During this time, breakers became MCs or DJs, somehow trying to express themselves within hip hop culture with more credibility than had they continued to only breakdance. Currently, though, breaking seems to be enjoying a mild renaissance, due in no small part to Gates, Pierce, and their cohorts. Breaking is popping up at weekly hip hop spins and occasional shows, but has yet to again make its mark on the larger hip hop scene. Ben Pierce puts it this way: "You'll never see a breaker at a Nelly show unless he's being paid well."

On MTV, BET, and other mainstream culture outlets, breakdancing is being reconfigured and repackaged for the younger generation in the form of moves which are specific to the artist who performs them frequently. To millions of pre-teen American girls, poppin' and lockin' never existed before the boy-band and teen pop diva wave of the second half of the 1990s.

"Dance is nothing but reproduced styles to different forms of music," explains Gates. "That's it. I mean…Usher, Ginuwine? They're doing old-school boogaloo moves. They're doing old-school poppin' moves. And they're doing it on their videos. And to the newer generation, that's all they see. So, hell, they invented that!"

Nonetheless, Gates persists with his art, immersing himself in the roots of the form, and indirectly making others try their hand, once again, at breaking. Gates' brother, James-a.k.a. DJ Needles-sees Nick's influence as nothing short of inspirational.

"It just takes someone like Nick," said Needles, "that's gonna do it enough that it triggers something in these b-boys to start doing it again, at least for that night."

As Lauryn Hill once put it on the Fugees seminal record, The Score, "Two MCs can't occupy the same space at the same time. It's against the laws of physics." The same could certainly be said of b-boys. Battling each other for supremacy and bragging rights has always been an integral part of breaking, as with the other three elements of hip hop. Usually, these battles remain good-natured and healthy competition. Sometimes, though, one contestant or other can cross the line into making the battle personal.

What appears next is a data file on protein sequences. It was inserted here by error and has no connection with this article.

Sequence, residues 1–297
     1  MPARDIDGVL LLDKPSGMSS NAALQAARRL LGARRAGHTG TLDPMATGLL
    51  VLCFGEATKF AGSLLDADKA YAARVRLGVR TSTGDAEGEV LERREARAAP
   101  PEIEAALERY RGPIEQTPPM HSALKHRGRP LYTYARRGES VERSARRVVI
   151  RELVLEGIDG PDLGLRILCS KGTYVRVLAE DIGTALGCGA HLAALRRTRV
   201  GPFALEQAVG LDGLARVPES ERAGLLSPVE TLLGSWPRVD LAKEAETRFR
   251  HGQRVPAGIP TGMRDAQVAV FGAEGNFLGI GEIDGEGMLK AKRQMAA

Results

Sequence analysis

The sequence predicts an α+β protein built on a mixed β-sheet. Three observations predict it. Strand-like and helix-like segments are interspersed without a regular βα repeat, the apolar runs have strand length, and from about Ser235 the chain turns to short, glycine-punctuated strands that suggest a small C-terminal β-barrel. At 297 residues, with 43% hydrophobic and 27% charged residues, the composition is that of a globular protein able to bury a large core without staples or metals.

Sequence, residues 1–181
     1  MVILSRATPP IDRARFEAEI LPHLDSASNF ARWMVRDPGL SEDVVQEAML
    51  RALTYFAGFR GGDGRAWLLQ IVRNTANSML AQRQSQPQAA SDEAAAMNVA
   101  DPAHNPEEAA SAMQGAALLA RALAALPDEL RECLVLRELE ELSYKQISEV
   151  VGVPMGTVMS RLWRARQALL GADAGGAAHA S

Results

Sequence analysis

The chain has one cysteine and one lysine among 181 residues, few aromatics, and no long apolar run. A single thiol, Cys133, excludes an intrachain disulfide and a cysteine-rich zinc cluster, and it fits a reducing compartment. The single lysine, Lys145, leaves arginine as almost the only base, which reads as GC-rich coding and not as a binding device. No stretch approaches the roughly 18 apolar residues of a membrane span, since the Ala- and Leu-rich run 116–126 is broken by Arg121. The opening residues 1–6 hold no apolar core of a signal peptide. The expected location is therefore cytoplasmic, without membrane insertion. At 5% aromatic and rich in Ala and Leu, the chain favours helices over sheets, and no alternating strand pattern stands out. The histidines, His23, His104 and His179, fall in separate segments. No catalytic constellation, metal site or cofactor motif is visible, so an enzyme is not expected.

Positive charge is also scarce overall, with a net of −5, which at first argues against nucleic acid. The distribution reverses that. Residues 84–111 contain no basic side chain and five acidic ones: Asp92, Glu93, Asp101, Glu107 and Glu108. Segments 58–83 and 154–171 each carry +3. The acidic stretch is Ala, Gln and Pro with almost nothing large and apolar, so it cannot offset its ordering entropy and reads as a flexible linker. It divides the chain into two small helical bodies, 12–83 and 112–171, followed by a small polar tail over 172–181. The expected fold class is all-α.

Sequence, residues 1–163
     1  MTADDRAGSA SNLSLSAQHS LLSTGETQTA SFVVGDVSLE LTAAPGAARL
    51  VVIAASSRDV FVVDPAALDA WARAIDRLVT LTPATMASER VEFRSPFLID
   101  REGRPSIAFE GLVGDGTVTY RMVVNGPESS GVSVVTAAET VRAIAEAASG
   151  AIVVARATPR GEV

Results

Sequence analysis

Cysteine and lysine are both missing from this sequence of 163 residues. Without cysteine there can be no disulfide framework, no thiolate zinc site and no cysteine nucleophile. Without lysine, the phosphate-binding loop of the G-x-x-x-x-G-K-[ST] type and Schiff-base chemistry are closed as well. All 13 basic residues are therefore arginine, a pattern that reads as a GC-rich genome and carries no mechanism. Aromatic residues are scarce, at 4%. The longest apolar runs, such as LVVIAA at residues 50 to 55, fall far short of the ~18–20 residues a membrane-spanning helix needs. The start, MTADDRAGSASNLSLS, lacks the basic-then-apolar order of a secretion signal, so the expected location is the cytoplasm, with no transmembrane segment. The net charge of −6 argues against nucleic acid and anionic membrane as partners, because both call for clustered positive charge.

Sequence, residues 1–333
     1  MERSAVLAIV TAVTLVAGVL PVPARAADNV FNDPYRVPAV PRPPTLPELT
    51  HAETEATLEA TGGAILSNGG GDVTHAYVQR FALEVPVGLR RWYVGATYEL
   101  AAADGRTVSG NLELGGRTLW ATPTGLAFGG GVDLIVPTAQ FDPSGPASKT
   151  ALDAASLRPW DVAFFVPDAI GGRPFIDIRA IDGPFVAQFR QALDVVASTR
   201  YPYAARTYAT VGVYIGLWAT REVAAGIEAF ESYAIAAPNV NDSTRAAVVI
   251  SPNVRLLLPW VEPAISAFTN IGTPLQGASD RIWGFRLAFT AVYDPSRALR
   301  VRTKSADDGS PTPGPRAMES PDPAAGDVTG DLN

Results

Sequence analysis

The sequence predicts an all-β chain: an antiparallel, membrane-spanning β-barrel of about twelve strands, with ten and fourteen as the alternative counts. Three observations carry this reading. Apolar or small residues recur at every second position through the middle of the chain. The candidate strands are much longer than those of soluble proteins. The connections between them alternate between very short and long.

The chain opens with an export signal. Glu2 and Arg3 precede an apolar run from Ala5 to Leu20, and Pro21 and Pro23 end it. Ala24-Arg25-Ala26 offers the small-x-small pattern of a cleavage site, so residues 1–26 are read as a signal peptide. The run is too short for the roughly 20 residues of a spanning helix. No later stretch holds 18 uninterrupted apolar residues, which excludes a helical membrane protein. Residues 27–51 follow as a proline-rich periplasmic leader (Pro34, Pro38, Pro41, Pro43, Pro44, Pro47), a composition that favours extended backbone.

Nick Fury, who has experienced this unnecessary line-crossing many times, put it plainly: "The whole mentality of b-boying anyway is battle…beef. But when it gets personal, which it has on occasion, it's just ridiculous, and I just want to step away from it."

Despite this occasional negativity, battling is what makes breaking such a dynamic, viable element. It is also what helps separate the traditional four elements from other, more obscurely proposed elements-such as street entrepreneurialism and fashion-from such figures as hip hop sage, KRS-One. It is the reason why Ben Pierce thinks that the four elements remain fresh and legitimate.

"The thing I like about the original four is that there's always a definite way to resolve conflicts and that's to battle. Like if you think you're better than me, then let's battle and find out. Not with mix tapes and fashion…‘Wait till my fall line drops!'"

As is the case with the survival of the other three elements, breaking gains momentum from the ground up. Slowly but surely, more breakers are rearing their sleepy heads and taking to the floors again, now that people like Ben Pierce's and Nick Fury's dedication have made it cool again to break in front of other people. But with only 50 or so breakers in St. Louis, and everybody and their mama thinking they can rock the mic or the turntables, the hill to be climbed is undoubtedly steep. Do you think breaking is kind of "cute"? Even if you don't, your wasted second cousin still does. | Kenneth J. Pruitt